Mirren is not remotely defensive when the subject of controversial casting is brought up. “The whole issue of casting has exploded out of the water fairly recently,” she says. “I’ve had other Jewish roles [in Woman in Gold and The Debt], but not an uber-Jewish role like Golda Meir. I did tell Guy that I’m not Jewish, in case he thought I was. I said, ‘If that’s an issue, I’ll step away, no problem.’ But he said, ‘No, it’s not an issue. I want you to play Golda.’ And off we went.”
Does she agree with Martin’s fear of “creeping authoritarianism” in the arts? “I think, in a way, that it’s more frightening for a writer to be told they are not allowed to write about subjects with which they don’t have an immediate DNA connection,” she says. “I imagine it must be very alarming. And ridiculous.” Mirren confesses that she has considered doing a DNA test to see if she has any Jewish antecedents, “especially on my London side”. She certainly feels an affinity with Jewish people, not only because she worked in Israel shortly after the Six Day War and “shells were falling on our kibbutz”, but also because she was born in July 1945, months before the Second World War ended. “The realities of the Holocaust were being revealed as I was gaining consciousness of the world. I do think that the profound, earth- shattering trauma of the Holocaust does enter the DNA. Maybe it’s hocus pocus, but I think only a Jewish person really carries that profoundly with them. The other issue is that within the Jewish race there are other races – Ashkenazi and Sephardic – who are racially very different.” She pauses. “It’s all a sort of swirling fog at the moment that I can’t quite unpick.” Mirren remembers how she felt
when Golda Meir became Prime Minister of Israel in 1969, which was shortly after she had worked on the kibbutz. “It was one of those moments when you saw a crack in the stone and realised that things can change. Women can lead a country. Although… I was watching some kind of political get-together in North Korea the other day and, out of 300 people, maybe three were women.”
Does she always scan rooms like that for women? She laughs. “Oh, I do! Absolutely. They’re usually right at the back or on the side, taking notes. So, Golda becoming the first and only female prime minister of Israel was, to me, important. She was very smart, very driven, but she never tried to become a man in the way Margaret Thatcher did. She had a very specific kind of feminine power. It was unfair that she took the fall for the Yom Kippur War. As the film shows, the mistakes that were made were the mistakes of the military.”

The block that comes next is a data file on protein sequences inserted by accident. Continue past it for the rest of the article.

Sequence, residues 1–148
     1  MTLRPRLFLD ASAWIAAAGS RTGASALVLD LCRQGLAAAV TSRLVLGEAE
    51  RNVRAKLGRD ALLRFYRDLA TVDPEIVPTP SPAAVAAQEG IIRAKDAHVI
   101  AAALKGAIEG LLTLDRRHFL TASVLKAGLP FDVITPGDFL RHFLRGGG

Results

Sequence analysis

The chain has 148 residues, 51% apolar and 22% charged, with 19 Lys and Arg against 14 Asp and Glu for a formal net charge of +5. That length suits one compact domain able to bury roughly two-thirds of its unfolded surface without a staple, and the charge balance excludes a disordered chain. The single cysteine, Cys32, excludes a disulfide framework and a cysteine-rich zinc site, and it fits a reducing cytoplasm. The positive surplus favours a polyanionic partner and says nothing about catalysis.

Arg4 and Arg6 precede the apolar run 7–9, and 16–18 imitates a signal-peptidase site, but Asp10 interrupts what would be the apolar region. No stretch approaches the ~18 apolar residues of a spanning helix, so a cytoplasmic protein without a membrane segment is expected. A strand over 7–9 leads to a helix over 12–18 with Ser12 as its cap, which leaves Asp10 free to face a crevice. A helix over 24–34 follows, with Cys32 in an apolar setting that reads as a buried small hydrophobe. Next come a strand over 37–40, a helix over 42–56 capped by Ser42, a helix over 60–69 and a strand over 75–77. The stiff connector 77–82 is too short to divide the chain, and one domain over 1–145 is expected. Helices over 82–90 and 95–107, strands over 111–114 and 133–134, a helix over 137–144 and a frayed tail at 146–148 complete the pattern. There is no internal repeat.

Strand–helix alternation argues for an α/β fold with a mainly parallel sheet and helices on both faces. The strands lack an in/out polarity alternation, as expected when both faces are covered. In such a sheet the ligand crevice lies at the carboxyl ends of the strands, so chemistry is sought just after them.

When she played Elizabeth II in The Queen Mirren wore normal cosmetics, but for Golda she spent two-and-a-half hours in the make-up chair each day. Contact lenses turned her blue eyes brown; silicone bags sat beneath her eyes; her hands were stained with nicotine (Golda chain-smoked) and a fake bridge and tip pieces were added to her nose. The costume designer then put Mirren in a spandex bodysuit and padded her legs – Golda’s ankles were swollen from the lymphoma for which she was secretly being treated. There was only one compromise – Mirren had to abandon using false teeth as she found it hard to move her face.
It was worth the effort – unless you know it’s Helen Mirren playing Golda, you’d think it was Golda herself. There is no hint of the L’Oréal model barefoot on the catwalk. For Mirren, this is strangely liberating as, in some ways, her looks have been a distraction over the years. Everyone recalls the 1975 interview she did with the late Michael Parkinson, who repeatedly referenced her distracting “physical attributes”.
When this topic comes up, I half expect her to be grumpy about it simply because it’s been mentioned so many times. Especially since, following Parkinson’s death, it went viral and shocked a generation of Gen Zers.
Instead, she smiles – that wonderful, regal smile – and offers a more nuanced response. “I didn’t feel sorry for Parky, but then in a way I did because in lots of ways he was right. My physicality did get in the way of me being taken seriously as a classical actress. Also, I was listening to Elton John’s autobiography and I didn’t realise that when Elton John was outed in a bad way by The Sun, Parky invited Elton on to his show so that they could talk about it properly. He held out a hand and helped Elton John at a very important moment. So I don’t want to diss Parky.”
Besides which, times change. “Yes, yes they really do. And fast. And we can only kick down the patriarchy one brick at a time.”
Golda is in UK cinemas from Friday 6 October